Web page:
Friday, July 5, 2013

Countdown to Evacuation

In general, I try to weave in details about my personal experiences in Cairo along with a larger account of the events in Cairo. However, I feel that my impending evacuation needs to be dealt with as a separate issue since it says more about the internal workings of the U.S. State Department and insurance companies than it does about actual events in Cairo. At this time, I firmly maintain that this evacuation is unnecessary. In spite of this, I do understand concerns of our friends and families back home. I hope that our departures help to ease their concerns.

On Wednesday night, July 3rd, the military deposed then president Mohammad Morsi with the support of  the overwhelming majority of Egyptian society.  At 11:29PM, a mere two hours after the speech by Army chief Abdel Fattah al-Sisi, the US Department of State sent out a message entitled "Emergency Message for U.S. Citizens: Travel Warning for Egypt." It stated that "the U.S. Department of State warns U.S. citizens to defer travel to Egypt and U.S. citizens living in Egypt to depart at this time because of the continuing political and social unrest." This message seemed like a sign of troubles to come for the future of my Arabic studies and rather rushed since the government had just fallen. All evidence was that things at that exact moment remained largely peaceful considering a coup was underway.

As a rule, I am skeptical about information coming from the US Department of State about events abroad.  While other foreign embassies have issued travel warnings, many, including the British and French Embassies, are not currently requering the departure of their nationals. Why is the United State's assessment of the situation so dire? It points to the fact that these announcements are political, expressing dissatisfaction with a foreign country's leadership rather than focusing on the safety of American citizens. This announcement seemed to be perfectly timed to highlight the United State's governments disapproval about the toppling of Morsi by the Egyptian military.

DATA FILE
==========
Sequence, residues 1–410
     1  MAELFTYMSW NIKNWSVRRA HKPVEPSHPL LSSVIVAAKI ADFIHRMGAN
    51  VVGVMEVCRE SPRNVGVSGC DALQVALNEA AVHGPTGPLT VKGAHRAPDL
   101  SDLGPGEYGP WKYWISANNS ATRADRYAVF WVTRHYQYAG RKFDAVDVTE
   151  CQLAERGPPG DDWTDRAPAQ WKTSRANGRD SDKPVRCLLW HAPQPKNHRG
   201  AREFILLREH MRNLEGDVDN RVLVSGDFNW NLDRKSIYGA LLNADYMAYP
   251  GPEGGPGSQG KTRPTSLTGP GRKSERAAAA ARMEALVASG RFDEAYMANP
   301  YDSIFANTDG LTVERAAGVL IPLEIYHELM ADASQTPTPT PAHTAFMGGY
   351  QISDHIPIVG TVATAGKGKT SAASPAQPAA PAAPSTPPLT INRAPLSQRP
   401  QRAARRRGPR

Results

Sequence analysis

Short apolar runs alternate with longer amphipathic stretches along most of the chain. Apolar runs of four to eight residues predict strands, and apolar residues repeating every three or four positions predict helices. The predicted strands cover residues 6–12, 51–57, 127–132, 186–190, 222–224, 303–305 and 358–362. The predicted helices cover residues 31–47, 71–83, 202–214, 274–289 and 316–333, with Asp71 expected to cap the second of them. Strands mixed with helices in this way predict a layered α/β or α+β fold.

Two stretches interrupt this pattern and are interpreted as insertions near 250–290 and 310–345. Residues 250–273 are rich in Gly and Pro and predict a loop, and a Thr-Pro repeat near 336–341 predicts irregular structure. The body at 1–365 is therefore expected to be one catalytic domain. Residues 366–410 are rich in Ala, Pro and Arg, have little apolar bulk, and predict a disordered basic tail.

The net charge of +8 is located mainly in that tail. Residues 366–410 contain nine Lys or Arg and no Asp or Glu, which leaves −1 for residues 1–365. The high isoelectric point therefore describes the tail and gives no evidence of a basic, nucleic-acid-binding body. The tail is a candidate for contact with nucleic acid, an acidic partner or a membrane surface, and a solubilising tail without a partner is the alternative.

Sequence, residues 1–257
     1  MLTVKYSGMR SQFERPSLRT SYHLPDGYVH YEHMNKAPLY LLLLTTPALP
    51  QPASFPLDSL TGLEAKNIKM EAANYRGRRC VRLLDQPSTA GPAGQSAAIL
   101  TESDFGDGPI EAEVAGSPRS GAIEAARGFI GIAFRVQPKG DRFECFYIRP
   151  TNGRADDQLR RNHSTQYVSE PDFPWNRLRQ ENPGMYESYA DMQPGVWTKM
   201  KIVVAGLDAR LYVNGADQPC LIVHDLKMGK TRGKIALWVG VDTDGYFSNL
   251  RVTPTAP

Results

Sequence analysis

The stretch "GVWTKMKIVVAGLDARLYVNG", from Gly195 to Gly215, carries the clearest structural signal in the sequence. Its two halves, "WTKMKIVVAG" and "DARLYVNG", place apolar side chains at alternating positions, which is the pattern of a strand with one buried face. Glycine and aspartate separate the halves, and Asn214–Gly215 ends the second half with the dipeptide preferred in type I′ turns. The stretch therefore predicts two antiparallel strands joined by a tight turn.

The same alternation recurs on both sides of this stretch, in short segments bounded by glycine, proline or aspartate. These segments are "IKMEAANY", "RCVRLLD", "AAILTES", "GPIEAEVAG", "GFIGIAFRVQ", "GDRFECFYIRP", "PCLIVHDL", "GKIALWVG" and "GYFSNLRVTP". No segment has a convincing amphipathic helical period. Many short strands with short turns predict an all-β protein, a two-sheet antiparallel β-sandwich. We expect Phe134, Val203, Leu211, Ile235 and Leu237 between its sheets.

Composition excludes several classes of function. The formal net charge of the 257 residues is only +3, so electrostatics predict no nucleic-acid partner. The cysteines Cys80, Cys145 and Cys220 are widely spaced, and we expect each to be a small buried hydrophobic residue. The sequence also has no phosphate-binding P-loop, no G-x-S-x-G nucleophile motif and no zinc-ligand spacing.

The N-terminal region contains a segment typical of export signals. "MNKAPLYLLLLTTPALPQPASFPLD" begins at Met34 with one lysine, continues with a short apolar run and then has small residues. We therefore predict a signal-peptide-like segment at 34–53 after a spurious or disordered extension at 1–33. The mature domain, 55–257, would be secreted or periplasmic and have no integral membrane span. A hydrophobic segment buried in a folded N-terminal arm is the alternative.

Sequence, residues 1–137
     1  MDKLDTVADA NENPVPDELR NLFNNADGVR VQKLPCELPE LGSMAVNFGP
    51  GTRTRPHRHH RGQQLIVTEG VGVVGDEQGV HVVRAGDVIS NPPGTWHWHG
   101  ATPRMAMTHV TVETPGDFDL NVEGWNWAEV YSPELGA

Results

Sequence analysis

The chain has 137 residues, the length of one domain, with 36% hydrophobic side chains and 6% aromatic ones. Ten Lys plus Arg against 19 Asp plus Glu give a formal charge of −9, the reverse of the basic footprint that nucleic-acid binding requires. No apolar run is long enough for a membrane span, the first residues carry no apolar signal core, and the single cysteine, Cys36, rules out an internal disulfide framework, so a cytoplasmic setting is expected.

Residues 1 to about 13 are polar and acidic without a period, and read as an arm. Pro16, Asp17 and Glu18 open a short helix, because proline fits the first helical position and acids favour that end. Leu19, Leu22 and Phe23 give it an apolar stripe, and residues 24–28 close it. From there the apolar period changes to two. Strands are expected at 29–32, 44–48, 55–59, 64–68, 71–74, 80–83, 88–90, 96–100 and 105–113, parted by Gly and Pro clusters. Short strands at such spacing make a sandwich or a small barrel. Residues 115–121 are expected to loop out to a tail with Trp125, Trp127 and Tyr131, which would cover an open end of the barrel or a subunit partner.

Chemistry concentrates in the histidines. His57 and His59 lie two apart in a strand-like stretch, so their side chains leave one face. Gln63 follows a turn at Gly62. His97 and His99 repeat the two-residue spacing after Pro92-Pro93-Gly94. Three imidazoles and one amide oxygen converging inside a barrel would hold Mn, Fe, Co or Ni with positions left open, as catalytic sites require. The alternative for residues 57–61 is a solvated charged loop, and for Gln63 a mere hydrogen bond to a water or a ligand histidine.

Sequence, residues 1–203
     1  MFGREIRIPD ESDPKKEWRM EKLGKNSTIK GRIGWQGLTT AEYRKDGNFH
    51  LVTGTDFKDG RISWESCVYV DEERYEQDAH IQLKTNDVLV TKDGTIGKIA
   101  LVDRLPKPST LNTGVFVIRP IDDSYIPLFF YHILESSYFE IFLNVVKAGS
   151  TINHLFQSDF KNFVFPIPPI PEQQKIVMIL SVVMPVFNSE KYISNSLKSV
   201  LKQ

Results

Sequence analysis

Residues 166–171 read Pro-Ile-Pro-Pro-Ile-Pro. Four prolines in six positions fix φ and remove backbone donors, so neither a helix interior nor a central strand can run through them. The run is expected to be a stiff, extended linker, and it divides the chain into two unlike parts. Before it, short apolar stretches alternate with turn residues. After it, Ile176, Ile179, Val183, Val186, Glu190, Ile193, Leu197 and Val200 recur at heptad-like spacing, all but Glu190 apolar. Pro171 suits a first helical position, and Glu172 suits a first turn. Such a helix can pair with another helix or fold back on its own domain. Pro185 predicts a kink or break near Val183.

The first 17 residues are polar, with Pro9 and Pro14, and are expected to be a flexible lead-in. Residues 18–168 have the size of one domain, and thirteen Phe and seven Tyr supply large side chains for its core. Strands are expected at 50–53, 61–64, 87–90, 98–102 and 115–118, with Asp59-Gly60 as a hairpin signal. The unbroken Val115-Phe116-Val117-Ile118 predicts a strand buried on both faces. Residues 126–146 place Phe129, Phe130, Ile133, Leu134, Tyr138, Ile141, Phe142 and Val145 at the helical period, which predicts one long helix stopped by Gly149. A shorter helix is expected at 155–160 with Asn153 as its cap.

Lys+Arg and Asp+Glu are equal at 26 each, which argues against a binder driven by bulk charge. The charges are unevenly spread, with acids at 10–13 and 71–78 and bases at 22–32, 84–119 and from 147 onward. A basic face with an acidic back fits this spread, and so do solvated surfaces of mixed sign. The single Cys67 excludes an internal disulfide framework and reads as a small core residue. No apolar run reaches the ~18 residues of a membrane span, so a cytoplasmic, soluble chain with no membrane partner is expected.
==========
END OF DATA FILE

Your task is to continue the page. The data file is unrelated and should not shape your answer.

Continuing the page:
At 1:15 AM an email arrived from the CASA program stating that the "International Office at the University of Texas has asked that we evacuate all of the CASA Fellows, at least temporarily." It went on to state that it was the hope of the program that after a short period we would return to Egypt. At the time, I was finishing up my reactions to the actual coup (The tanks rolled in... And Egypt celebrate). Blurry eyed and exhausted after a long, emotional day, I sent an email off to my family about this unwelcome development.

In spite of our eminent departure, I still had classes which is a rather odd experience. A day of spirited debate ended with emotional good-byes with the staff and teachers. We still do not know if we will be coming back to Egypt. Therefore, it remains unclear whether this is just a break to evaluate the situation or this is the end of the program. A few students were already gone. In fact, one student was spirited away by some kind of extraction team on Wednesday night to everyone's great surprise. We have not heard anything about her since.

At this point, we also had no details about our evacuation except that we would be leaving on Friday and contacted by the insurance company sometime that afternoon. After class, I returned to my apartment, frustrated and unhappy about these developments. I emailed a number of Egyptian friends, who showed genuine dismay at the fact that we were leaving. Honestly, they did not seem to understand the thinking behind this decision. They were still celebrating the downfall of a hated government and the situation seemed better to them now - not worse. I agreed with them that Cairo felt safe at this point. I think that I have pretty good instincts about these kinds of situations and Egyptians are not shy about their feelings. Cairo is not a city on the verge of exploding in spite of what the western news might be reporting.